@urbantravelista

 

Urbantravelista | Do you value experiences or things?

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When I was in high school, I had two opportunities to travel abroad. The first opportunity was a trip to Paris with my French class during my freshman year. And, the other opportunity was a bus trip to Canada with my band during my junior year. Both trips would’ve been great opportunities for a black teen whose family didn’t even own a passport. During that time, my travels never extended anywhere beyond visiting relatives in Michigan or my birthplace in Arkansas. My parents supported my decision to go. So why didn’t I go? Well, both trips took place around Christmas break. And like most teenagers, I looked forward to getting Christmas gifts. But my family was far from the Huxtables.  I mean, my parents were (and still are) very awesome and loving.  But like most parents, they couldn’t accommodate both my desire to travel AND provide me with the gifts I wanted for Christmas. So they gave me a choice: I could take the trip in lieu of Christmas gifts or have a decked out Christmas and skip the trip. Being the teenager that I was, I took the latter. I have my whole life to go to Paris, right? I have my eternity to go to Canada, it’s not the far away?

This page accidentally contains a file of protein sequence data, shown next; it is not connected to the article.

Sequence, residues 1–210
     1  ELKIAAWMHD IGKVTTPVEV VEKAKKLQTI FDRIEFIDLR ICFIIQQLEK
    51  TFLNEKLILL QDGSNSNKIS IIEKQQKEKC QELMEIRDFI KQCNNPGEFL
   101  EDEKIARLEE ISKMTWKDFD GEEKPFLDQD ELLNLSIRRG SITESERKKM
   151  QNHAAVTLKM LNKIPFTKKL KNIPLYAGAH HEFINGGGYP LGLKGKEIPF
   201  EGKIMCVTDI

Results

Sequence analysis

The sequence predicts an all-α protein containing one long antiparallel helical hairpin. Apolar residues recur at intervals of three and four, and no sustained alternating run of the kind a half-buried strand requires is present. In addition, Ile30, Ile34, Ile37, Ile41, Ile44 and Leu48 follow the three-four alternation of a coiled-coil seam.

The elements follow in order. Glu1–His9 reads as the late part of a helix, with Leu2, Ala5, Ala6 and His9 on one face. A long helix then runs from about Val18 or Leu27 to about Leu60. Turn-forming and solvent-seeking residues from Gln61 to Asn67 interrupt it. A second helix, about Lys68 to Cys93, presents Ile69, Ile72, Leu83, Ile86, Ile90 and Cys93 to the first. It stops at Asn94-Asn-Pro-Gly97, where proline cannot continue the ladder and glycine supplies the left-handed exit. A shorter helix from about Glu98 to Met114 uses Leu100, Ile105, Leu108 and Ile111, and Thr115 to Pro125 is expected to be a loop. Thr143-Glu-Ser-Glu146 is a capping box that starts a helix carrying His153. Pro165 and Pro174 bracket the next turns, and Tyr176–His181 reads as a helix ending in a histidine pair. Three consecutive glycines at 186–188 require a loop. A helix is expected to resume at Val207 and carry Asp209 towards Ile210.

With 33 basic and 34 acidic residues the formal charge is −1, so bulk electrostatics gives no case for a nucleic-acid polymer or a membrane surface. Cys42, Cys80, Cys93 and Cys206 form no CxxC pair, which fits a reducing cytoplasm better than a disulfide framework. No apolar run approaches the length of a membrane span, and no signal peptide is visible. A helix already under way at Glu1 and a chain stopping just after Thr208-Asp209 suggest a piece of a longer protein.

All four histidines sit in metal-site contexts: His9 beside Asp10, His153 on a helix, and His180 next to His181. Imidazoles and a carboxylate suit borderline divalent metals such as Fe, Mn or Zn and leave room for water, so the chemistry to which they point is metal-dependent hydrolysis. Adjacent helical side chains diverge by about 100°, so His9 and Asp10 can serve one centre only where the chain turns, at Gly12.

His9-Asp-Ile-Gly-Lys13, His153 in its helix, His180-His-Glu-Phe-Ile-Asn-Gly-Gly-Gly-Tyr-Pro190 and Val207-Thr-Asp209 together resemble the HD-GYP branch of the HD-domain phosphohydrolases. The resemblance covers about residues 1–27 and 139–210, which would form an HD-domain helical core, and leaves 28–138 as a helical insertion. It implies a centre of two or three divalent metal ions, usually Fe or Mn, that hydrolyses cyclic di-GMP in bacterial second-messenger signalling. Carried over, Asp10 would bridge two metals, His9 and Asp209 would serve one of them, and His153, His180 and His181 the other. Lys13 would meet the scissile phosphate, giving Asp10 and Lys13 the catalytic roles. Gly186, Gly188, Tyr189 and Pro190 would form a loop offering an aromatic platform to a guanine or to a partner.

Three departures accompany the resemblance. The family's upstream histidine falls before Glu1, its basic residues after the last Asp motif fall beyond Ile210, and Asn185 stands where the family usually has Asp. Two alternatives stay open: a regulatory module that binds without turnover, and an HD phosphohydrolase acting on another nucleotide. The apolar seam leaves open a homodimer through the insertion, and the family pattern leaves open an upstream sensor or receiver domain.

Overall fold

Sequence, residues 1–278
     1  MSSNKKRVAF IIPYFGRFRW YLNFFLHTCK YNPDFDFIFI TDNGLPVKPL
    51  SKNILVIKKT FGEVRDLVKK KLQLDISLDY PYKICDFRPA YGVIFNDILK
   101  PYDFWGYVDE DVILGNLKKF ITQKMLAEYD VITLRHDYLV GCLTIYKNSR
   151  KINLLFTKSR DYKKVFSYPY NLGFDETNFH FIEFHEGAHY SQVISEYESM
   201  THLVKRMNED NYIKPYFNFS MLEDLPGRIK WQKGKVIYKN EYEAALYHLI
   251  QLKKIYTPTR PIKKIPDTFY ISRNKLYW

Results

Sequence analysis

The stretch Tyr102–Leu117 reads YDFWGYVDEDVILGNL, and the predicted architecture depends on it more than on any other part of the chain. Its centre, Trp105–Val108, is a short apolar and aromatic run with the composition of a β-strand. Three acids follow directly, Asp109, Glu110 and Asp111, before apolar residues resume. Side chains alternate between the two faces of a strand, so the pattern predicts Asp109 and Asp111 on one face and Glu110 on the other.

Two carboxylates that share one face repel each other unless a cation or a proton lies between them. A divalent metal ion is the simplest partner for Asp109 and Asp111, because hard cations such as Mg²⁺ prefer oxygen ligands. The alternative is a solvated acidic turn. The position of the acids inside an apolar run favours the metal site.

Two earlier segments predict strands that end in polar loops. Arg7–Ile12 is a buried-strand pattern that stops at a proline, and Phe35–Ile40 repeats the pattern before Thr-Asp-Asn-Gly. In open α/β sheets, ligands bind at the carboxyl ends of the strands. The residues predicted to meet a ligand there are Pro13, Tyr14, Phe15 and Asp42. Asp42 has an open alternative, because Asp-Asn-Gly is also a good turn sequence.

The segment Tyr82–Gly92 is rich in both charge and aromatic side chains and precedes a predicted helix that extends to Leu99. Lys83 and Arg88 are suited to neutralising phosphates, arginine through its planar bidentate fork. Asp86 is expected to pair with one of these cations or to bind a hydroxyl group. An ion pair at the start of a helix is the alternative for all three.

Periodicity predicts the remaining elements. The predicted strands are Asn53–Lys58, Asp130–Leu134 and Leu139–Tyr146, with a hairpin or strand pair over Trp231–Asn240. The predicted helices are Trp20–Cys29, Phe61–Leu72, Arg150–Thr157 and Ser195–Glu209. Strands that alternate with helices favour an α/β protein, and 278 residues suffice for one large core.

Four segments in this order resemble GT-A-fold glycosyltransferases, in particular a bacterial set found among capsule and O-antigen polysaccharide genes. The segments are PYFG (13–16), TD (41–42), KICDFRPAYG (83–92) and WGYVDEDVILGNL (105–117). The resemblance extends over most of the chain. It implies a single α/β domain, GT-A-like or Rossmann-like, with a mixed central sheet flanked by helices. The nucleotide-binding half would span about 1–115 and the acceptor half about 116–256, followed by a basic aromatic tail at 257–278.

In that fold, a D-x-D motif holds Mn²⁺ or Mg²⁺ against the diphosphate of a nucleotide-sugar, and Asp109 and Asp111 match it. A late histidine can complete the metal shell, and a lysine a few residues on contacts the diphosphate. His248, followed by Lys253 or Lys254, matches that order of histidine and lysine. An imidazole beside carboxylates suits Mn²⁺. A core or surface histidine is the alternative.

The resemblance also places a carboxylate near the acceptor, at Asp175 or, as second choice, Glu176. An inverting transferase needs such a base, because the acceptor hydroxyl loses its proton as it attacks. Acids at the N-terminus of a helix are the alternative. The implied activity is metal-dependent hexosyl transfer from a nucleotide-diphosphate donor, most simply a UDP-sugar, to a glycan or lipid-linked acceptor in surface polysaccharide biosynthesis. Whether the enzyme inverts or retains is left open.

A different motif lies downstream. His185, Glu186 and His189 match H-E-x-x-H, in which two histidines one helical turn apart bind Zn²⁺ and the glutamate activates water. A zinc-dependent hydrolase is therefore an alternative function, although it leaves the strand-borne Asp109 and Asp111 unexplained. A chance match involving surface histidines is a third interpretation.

Well, that was almost 30 years ago. And guess what? I still haven’t been to Paris or Canada.  I mean, I’ve been to some pretty dope places, but this reflection reminds me of how even as adults, we often value “things” over experiences.  I don’t even remember what I received for Christmas those years I declined the trips. I can’t tell you what clothes I received or how long I had them. Those material things are all gone. They didn’t last.

I did start to travel about 5 years ago. And I’ve come to learn that my travels and experiences hold so much more value. I can’t tell you what I got for Christmas in 2012. But I can tell you about the adrenaline rush I got when I went zip lining in the jungles of the Dominican. I can’t recall my summer wardrobe from 2013, but I can recall the magnificence of stepping in the Caribbean sea for the first time in Aruba, as if it happened 5 minutes ago. I don’t even know if I still have the pair of gloves I purchased last fall or what they even look like. But I do remember the freedom and liberation of taking my first solo trip to Cancun and trekking the Mayan ruins last October.

Looking back, I regret not choosing the travel opportunities extended to me when I was in high school. Those experiences would’ve lasted a lifetime. I have finally reached a place in my life where experience trumps everything.  I would gladly take an opportunity to visit Spain over a designer handbag or uncomfortable pair of Louboutin heels any day. And I think it all started with that first passport stamp back in 2012. Since that time, I’ve lost a lot. I’ve had to downsize and even rebuild. But through it all, I’ve come to know that the world can strip you everything. But your experiences…your experiences will last a lifetime. They will be with you when you’re old and gray on your death bed.

So the take away it this: Possessions aren’t loyal. They eventually break, tear, or leave. Most of the overpriced junk we buy doesn’t retain value. But experiences…they will ride with you until the very end.  Experience over things…always!

@urbantravelista